We’re just a few days away from TEDxSitka, which takes place in Odess Theater (inside Allen Hall) on the SJ Campus here in Sitka. The evening features six talks – all under 18 minutes – centering around the theme Radical Imagining. Tickets are $25, and are available at Old Harbor Books. Any tickets remaining will be available at the door.
Luis Urrea’s talk will draw on his many years living around, researching, and writing about the people of the Mexican-American borderlands.
Alan Weisman will talk about history’s most influential invention (which you may have never heard of) and how we can solve the mess it made.
Solomon Endlich will talk about recent observations of other solar systems and their exoplanets, and the way that those recent discoveries confront us with a reality that we could not have possibly imagined.
Winona LaDuke will draw on her experience as a leading Native-American activist in her talk about indigenous economic thinking for the 7th generation.
Skyler Wright will be exploring the effects of growing up in an online world without clear social norms for behavior.
WT McRae and Andrew Hames will discuss the process of putting on a fully staged musical in two weeks with the Sitka Fine Arts Camp musical theatre program. The talk will feature student performances.
We’re excited to announce our 2014 TEDxSitka speakers! This is an incredible and inspiring group of people, and we hope to see you at the event on July 20th in Odess Theater. Refreshments will be available when doors open at 6:30, with talks beginning at 7pm.
Solomon Endlich is a passionate physicist who, through his research, has journeyed from the beginning of the universe to the swirl in a toilet bowl. Born and raised in Northern California, he exchanged the sun and his surfboard for a PhD in theoretical physics at Columbia University as a National Science Foundation Fellow. Now, as a research scientist in Switzerland at the École Polytechnique Fédérale de Lausanne, he is using the modern mathematical tool set of quantum field theory (which is the natural language of particle physics) on a broad set of physical systems. When not exploring the world mathematically, he does so in person. Highlights include hiking up volcanoes, skiing across glaciers, climbing sheer cliff faces, swimming with hammerhead sharks, and fishing for wild steelhead.
Winona LaDuke is an Anishinaabekwe (Ojibwe) enrolled member of the Mississippi Band Anishinaabeg who lives and works on the White Earth Reservations, and is the mother of three children. She is also the Executive Director of Honor the Earth, where she works on a national level to advocate, raise public support, and create funding for frontline native environmental groups.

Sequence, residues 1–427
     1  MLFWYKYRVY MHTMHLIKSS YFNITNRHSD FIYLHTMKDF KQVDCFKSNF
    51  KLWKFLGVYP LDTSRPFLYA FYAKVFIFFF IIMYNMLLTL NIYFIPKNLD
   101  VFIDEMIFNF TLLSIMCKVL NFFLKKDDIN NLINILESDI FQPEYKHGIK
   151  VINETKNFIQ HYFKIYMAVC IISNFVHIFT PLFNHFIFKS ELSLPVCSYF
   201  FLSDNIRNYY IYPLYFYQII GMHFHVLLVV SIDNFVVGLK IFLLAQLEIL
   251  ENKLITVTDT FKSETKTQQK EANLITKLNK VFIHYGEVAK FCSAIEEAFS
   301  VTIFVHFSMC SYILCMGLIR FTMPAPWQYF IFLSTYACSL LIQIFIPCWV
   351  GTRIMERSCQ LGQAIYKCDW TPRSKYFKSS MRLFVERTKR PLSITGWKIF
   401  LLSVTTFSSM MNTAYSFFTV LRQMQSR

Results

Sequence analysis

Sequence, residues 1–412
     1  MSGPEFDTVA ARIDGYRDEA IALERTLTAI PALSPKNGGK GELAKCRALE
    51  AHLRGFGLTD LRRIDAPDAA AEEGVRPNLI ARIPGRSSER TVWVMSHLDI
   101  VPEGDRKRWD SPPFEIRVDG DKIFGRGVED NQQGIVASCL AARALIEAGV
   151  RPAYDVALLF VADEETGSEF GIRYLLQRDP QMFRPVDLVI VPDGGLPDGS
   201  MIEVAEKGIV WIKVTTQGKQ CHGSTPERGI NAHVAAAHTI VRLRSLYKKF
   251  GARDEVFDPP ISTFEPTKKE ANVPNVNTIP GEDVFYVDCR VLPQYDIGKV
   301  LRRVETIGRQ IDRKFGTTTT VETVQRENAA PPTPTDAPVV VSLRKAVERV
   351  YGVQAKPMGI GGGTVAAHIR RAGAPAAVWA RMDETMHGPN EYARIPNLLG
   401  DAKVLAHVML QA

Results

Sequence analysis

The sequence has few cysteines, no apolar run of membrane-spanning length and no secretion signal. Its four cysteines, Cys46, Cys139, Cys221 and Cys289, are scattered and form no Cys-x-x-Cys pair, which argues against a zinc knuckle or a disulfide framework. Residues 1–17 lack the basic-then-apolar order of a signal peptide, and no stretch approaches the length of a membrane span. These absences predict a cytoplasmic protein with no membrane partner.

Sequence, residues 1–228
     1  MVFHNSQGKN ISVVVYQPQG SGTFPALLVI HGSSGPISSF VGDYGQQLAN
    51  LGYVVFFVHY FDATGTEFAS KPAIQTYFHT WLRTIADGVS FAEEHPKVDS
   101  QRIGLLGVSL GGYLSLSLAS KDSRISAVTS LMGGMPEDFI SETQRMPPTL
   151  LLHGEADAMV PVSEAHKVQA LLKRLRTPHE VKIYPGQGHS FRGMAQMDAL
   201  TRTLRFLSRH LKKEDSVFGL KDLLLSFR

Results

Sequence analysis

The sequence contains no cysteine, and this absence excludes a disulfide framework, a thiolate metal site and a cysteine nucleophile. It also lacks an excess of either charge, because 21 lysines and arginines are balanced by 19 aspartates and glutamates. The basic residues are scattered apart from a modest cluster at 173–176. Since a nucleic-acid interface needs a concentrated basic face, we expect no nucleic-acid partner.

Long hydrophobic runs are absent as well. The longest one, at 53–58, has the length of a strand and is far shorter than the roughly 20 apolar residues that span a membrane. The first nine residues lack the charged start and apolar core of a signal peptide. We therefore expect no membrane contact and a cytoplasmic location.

A graduate of Harvard and Antioch Universities, she has written extensively on Native American and environmental issues. Author of now six books, including The Militarization of Indian Country (2011), Recovering the Sacred: the Power of Naming and Claiming (2005), the non-fiction book All our Relations: Native Struggles for Land and Life (1999, South End Press), and a novel – Last Standing Woman (1997, Voyager Press). She is a former board member of Greenpeace USA and serves, as co-chair of the Indigenous Women’s Network, a North American and Pacific indigenous women’s organization. In 1994, Winona was nominated by Time magazine as one of America’s fifty most promising leaders under forty years of age, and in 1998, Ms. Magazine named her Woman of the Year for her work with Honor the Earth.
Skyler is a Pacific High School student here in Sitka, and will be exploring the effects of growing up in an online world without social norms for behavior online, and will touch on cyber bullying and other online issues. Skyler yearns for the development of online social constructs that will help youth grow up in both the physical world and the online world.
Alan Weisman has written several books and won numerous international awards for his work in journalism and literature, including the critically acclaimedThe World Without Us, which describes a post-human scenario of the planet. His next book, Countdown: Our Last, Best Hope for a Future on Earth? was released in September 2013 by Little, Brown and Co. Among his other works are Gaviotas: A Village to Reinvent the World (1998), winner of the Social Inventions Award from the Global Ideas Bank, An Echo In My Blood (1999), La Frontera: The United States Border With Mexico, and We, Immortals (1979). His reports from around the world have appeared in Harper’s, The New York Times Magazine, the Los Angeles Times magazine, the Atlantic Monthly, Orion,Audubon, Mother Jones, Discover, Condé Nast Traveler, Resurgence, and several anthologies, including The Best American Science Writing 2006.
Luis Alberto Urrea, 2005 Pulitzer Prize finalist for nonfiction and member of the Latino Literature Hall of Fame, is a prolific and acclaimed writer who uses his dual-culture life experiences to explore greater themes of love, loss and triumph. Born in Tijuana, Mexico to a Mexican father and an American mother, Urrea has published extensively in all the major genres. The critically acclaimed and best-selling author of 13 books, Urrea has won numerous awards for his poetry, fiction and essays. The Devil’s Highway, his 2004 non-fiction account of a group of Mexican immigrants lost in the Arizona desert, won the Lannan Literary Award and was a finalist for the Pulitzer Prize and the Pacific Rim Kiriyama Prize.
WT McRae and Andrew Hames will present a talk about and a performance by the Sitka Fine Arts Camp’s Musical Theater Program, an intensive and remarkable camp that stages a broadway style musical from start to finish in just two weeks.
We’re gearing up for the third annual TEDxSitka. The event will be held at 7pm on July 20th, at Odess Theater in Allen Hall on the Sheldon Jackson Campus.
Tickets will be available soon, and the TEDxSitka speakers will be announced here next week!